We are a concerned group of academics fighting to ensure the opportunity of high quality public higher education for the Sri Lankan masses. This blog is intended as a bulletin board to share news and ideas relevant to the cause. The views and opinions expressed here do not necessarily represent the views and opinions of the FUTA. If you wish to post any interesting articles please e-mail them to uteachers.sl at gmail.com
This is written as a partial response toShenali Wadge’s articlelast week and the first point to be raised is that “mafia” is a loaded term. If Shenali Waduge is to call the on going trade union action of the Federation of University Teachers’ Associations (FUTA) as a Mafia movement, a close rescrutiny of her entry point and subject position needs to be made. Such strong allegations were last heard from ministerial quarters when, in the face of a string of recent student protets, the national universities were called “uncleared areas” and students were reduced as “terrorists”. Waduge’s lingo, therefore, gives us a strong suspecion right at the outset. Her arguments fare no better.
Waduge’s assertions, at a general level, show scant regard for history and are apolitical, except for the fact that the persons involved in trade union actions are deemed arrogant and anarchist. Reminiscent of Ryp Van Winckle, she enters the issue of the current education crisis with the on going breakdown. Yet, taken as a process of evolution, the present agitation by concerned unions of the FUTA, other trade unions, student bodies and other stakeholders is the “eruption point” of a prolonged system requirement. This, again, is an “ultimate” outburst, for a series of arguable demands for which genuine negotiatory space was not provided; and when provided were, time and again, proven to be idle promises.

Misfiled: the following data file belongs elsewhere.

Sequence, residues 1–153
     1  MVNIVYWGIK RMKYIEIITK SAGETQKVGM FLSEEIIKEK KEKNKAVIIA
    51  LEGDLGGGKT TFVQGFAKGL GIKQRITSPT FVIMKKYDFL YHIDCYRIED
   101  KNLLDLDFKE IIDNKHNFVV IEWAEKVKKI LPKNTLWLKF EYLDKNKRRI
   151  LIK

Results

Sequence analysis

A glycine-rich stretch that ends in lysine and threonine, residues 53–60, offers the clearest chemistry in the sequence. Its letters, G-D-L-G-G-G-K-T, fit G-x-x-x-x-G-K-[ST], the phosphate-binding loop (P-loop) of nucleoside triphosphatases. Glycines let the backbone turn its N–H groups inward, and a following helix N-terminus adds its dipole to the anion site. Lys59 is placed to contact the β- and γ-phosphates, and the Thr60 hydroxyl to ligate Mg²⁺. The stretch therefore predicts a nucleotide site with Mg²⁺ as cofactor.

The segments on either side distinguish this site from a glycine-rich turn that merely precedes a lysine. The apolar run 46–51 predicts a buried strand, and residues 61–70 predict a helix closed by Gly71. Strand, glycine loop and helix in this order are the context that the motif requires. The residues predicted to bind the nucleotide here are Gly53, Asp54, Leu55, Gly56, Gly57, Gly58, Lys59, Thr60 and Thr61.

Waduge serves the nation no better than the slimy auhtorities she defends when she misrepresents the FUTA mandate in her charge sheet. For her, the cry for an increase of the governmental investment in education to a 6% of the GDP is merely a justifier of the FUTA trade union action which, as she hints, is based on vested interests. She further tables a couple of articles – a claim for an internet allowance and “an allowance for those not living in university quarters” among them – which reduce the overall compactness of a more comprehensive set of demands to suit her agenda. This form of cheap reduction was done when one was hardpressed at a high school inter-class debate; though many media agents with state apologist status, too, frequently resort to it.